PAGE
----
The professor in residence of pediatrics at University of California San Francisco discussed trends in research for SCD gene therapy.
“I think [in vivo approaches are] the holy grail to making this widely accessible, that gets away from the high dose chemotherapy. It makes it much more accessible, even in areas of the world where the technological aspects of performing a bone marrow transplant will be challenging. And it should lower the cost. So, that's where the research is going. And I'm hopeful it will have an impact in the next decade or so.”
The FDA approved the first gene therapies for treating sickle cell disease (SCD) in December 2023. These were bluebird bio’s lovotibeglogene autotemcel (lovo-cel), marketed as Lyfgenia and Vertex and CRISPR Pharmaceuticals' exagamglogene autotemcel (exa-cel; Casgevy), both approved for patients aged 12 years and older with SCD.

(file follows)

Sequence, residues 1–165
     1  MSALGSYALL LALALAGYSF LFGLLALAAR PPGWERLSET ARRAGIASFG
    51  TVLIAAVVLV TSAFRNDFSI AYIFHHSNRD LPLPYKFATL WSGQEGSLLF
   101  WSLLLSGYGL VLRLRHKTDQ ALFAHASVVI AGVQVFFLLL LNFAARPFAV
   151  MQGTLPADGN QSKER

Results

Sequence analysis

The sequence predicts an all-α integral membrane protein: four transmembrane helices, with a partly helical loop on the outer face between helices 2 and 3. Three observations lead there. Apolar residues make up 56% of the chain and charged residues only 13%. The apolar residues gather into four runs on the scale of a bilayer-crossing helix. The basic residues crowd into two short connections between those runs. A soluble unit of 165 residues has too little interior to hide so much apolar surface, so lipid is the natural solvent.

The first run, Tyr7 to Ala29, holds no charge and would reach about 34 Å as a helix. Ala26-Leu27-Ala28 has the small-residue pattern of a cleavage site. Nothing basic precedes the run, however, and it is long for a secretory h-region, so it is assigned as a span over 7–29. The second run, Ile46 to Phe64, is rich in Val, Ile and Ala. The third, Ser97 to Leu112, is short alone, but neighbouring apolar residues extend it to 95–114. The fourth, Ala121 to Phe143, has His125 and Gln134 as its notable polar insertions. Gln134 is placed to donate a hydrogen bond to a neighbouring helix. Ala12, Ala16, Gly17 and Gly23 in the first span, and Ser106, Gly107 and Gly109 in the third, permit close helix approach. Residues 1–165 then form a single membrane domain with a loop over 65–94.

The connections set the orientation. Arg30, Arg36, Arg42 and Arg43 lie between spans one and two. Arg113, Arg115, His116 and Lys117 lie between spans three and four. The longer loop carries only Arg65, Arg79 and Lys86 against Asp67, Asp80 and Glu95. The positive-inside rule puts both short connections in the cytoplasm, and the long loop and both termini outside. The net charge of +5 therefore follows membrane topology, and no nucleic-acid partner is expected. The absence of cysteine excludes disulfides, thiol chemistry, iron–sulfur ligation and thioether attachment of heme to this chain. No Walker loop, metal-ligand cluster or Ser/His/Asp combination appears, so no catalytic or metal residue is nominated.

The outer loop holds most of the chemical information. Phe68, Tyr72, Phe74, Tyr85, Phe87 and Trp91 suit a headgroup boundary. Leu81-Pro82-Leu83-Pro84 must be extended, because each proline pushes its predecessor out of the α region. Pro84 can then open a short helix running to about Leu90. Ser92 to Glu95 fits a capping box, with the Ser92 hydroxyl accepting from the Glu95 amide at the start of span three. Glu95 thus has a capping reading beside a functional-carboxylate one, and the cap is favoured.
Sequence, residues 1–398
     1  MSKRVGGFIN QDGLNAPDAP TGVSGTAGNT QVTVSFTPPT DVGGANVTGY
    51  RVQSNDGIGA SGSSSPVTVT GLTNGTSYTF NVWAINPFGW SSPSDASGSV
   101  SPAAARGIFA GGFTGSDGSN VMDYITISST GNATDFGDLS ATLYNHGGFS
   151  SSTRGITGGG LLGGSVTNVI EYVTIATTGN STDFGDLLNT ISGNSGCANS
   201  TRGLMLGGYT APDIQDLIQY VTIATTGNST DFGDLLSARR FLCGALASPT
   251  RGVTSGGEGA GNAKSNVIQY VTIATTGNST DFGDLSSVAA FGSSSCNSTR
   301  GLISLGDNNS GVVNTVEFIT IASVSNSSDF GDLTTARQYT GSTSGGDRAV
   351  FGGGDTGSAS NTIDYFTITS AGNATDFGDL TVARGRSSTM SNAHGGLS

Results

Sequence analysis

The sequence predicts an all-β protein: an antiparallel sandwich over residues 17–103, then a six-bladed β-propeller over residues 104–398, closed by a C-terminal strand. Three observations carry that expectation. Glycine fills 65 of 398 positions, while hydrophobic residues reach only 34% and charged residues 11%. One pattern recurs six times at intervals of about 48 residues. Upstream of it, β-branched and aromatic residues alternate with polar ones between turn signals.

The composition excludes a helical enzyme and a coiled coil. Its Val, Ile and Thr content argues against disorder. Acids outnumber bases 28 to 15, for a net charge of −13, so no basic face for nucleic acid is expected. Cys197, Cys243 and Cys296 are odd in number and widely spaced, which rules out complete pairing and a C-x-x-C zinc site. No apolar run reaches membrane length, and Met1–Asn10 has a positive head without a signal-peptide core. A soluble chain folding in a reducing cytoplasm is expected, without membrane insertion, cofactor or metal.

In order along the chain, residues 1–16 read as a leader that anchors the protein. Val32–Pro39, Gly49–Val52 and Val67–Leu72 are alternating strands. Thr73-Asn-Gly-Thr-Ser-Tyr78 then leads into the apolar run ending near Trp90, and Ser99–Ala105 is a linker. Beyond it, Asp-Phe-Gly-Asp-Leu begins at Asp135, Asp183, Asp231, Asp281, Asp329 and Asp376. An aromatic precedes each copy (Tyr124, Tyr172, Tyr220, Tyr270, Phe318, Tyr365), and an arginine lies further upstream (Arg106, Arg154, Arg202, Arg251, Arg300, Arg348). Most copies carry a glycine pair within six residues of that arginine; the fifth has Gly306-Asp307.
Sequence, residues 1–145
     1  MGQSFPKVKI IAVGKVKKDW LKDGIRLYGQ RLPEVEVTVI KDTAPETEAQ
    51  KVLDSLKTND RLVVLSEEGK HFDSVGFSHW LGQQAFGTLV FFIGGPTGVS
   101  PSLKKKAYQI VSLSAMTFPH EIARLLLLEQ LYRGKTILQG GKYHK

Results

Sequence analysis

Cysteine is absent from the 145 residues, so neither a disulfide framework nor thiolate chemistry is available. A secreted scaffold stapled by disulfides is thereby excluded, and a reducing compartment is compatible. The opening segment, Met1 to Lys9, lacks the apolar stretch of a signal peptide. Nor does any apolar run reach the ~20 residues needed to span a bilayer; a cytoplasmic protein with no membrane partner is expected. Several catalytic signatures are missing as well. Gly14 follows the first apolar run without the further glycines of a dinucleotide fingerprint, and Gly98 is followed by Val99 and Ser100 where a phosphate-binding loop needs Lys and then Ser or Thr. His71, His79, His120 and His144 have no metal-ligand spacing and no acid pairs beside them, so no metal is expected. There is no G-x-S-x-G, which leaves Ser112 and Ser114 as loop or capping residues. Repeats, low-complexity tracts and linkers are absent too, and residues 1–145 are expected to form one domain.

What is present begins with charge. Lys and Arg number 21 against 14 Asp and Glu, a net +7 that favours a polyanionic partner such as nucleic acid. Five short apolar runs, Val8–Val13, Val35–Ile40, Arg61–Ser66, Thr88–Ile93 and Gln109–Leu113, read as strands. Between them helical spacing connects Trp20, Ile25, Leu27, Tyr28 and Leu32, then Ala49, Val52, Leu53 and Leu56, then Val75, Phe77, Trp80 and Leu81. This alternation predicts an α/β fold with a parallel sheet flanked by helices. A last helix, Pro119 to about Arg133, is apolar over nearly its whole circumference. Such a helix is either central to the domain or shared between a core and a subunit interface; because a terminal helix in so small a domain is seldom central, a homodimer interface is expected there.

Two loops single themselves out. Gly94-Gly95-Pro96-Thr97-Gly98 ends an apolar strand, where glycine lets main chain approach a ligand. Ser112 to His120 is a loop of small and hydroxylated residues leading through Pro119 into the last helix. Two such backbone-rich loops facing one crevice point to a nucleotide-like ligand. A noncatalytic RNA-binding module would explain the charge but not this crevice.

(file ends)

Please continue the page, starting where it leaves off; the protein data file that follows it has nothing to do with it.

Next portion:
Lovo-cel consists of autologous CD34+ hematopoietic stem cells collected by plerixafor mobilization and apheresis, transduced with BB305 lentiviral vector (LVV) encoding the human beta-A-T87Q globin gene.
CGTLive spoke with Mark Walters, MD, professor in residence, pediatrics, Sickle Cell Center of Excellence, University of California San Francisco, an investigator on the phase 1/2 HGB-205 (NCT02151526) and HGB-206 (NCT02140554) clinical trials evaluating lovo-cel, to learn more about trends in research for gene therapy in SCD. He discussed how in vivo approaches to gene therapy may be the next step to helping address concerns with clonal hematopoiesis and myeloablation.